The National Monetisation Pipeline announced in the Union Budget comprises brownfield infrastructure assets that will be monetised in the short to medium term. Asset monetisation is not new to India. It has been undertaken sporadically across different infrastructure sectors in the past, the most visible ones being airports and telecom service providers.

However, the announcement of a “pipeline” in the Budget has a signalling effect, indicating the political will to pursue this measure with renewed vigour. Commentators and experts have rightly emphasised the importance of implementation to make this proposal a success. In planning the implementation capacity for this mega-monetisation exercise, learnings from previous asset monetisation would be a good place to begin. In this article, we review the outcomes of four recent asset monetisation exercises undertaken by the National Highways Authority of India (NHAI), which accounts for roughly 20 per cent of the aggregate procurement undertaken by the central government. This allows us to make a list of tangible to-dos as India prepares for its mega asset monetisation pipeline.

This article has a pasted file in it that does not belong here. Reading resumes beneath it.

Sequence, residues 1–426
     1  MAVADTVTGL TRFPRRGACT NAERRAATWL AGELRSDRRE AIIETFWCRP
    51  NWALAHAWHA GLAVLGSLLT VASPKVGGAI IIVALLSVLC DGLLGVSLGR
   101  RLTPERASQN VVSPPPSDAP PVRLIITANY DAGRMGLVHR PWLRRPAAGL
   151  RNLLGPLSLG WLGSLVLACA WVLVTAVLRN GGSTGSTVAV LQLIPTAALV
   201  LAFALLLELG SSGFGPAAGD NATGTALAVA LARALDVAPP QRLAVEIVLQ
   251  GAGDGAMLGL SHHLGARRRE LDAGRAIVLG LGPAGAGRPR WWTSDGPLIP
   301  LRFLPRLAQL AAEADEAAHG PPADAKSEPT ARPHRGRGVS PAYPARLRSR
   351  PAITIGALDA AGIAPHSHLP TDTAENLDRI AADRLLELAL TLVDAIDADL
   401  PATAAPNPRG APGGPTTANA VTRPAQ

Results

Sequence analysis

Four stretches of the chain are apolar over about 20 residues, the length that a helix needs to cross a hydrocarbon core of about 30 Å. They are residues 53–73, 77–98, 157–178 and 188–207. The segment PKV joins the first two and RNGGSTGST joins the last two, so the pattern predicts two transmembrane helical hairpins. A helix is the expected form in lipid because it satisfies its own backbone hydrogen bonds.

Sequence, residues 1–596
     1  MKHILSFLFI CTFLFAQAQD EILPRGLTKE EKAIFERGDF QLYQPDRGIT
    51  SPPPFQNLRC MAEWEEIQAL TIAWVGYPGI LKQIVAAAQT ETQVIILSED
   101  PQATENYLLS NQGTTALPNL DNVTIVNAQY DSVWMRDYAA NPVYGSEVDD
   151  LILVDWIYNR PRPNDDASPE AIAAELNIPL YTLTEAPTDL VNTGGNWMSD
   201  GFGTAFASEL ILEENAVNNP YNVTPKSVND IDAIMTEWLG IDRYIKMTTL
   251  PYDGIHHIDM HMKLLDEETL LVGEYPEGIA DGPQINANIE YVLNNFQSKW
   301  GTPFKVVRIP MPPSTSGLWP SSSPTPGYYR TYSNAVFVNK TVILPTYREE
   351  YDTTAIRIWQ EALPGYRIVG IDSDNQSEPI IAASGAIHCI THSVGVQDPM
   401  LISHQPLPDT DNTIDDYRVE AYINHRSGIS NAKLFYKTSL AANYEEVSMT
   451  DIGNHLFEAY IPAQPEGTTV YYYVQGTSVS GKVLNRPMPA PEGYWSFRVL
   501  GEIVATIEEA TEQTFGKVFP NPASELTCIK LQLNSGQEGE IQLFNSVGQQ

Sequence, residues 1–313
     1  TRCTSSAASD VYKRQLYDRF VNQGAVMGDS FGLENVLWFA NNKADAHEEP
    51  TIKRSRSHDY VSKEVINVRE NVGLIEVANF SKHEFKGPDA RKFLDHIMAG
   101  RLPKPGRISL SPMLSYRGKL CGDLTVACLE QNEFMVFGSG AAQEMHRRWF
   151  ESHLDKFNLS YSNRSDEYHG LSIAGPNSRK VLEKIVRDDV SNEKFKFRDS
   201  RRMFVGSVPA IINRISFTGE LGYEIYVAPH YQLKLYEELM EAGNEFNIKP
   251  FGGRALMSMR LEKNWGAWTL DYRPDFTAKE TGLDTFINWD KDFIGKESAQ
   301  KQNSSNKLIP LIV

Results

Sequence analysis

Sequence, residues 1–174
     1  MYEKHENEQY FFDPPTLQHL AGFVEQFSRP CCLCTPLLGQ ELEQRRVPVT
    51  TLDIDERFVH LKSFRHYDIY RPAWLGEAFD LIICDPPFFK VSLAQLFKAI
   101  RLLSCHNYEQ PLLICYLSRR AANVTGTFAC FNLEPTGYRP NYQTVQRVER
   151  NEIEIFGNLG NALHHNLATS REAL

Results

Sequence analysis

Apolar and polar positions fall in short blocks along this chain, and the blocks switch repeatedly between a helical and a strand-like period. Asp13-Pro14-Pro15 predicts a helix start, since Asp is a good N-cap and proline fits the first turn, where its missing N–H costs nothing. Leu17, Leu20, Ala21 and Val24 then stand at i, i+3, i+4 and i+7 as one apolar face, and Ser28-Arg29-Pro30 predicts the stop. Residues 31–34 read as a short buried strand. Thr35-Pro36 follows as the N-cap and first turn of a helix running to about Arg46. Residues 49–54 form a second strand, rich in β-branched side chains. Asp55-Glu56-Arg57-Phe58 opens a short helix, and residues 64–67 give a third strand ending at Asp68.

NHAI’s experience: Asset monetisation may be undertaken in several ways: Privatisation and strategic sale of government-owned assets, listing government-owned companies and diluting the government stake, are some of them. In the context of brownfield public goods, such as completed roads, asset monetisation involves leasing out completed road projects to private or public investors. The investors pay an upfront value for this “lease” in return for the right to operate the road project and collect the tolls generated from it during the concession period. The investors may be purely financial investors who, in turn, grant the operating right to firms with experience in infrastructure management and operation (see Table ). The upfront value paid by the investors is linked to the accuracy of the projected revenue that the asset will generate, the terms of the contract with the authority, and the quality of disclosures maintained by the concession granting authority. In 2017, the Cabinet Committee on Economic Affairs approved the NHAI’s plan for monetisation of national highways using the Toll-Operate-Transfer model. So far, the NHAI has undertaken four asset monetisation exercises, with mixed success. The table below gives an overview of the outcomes of these exercises.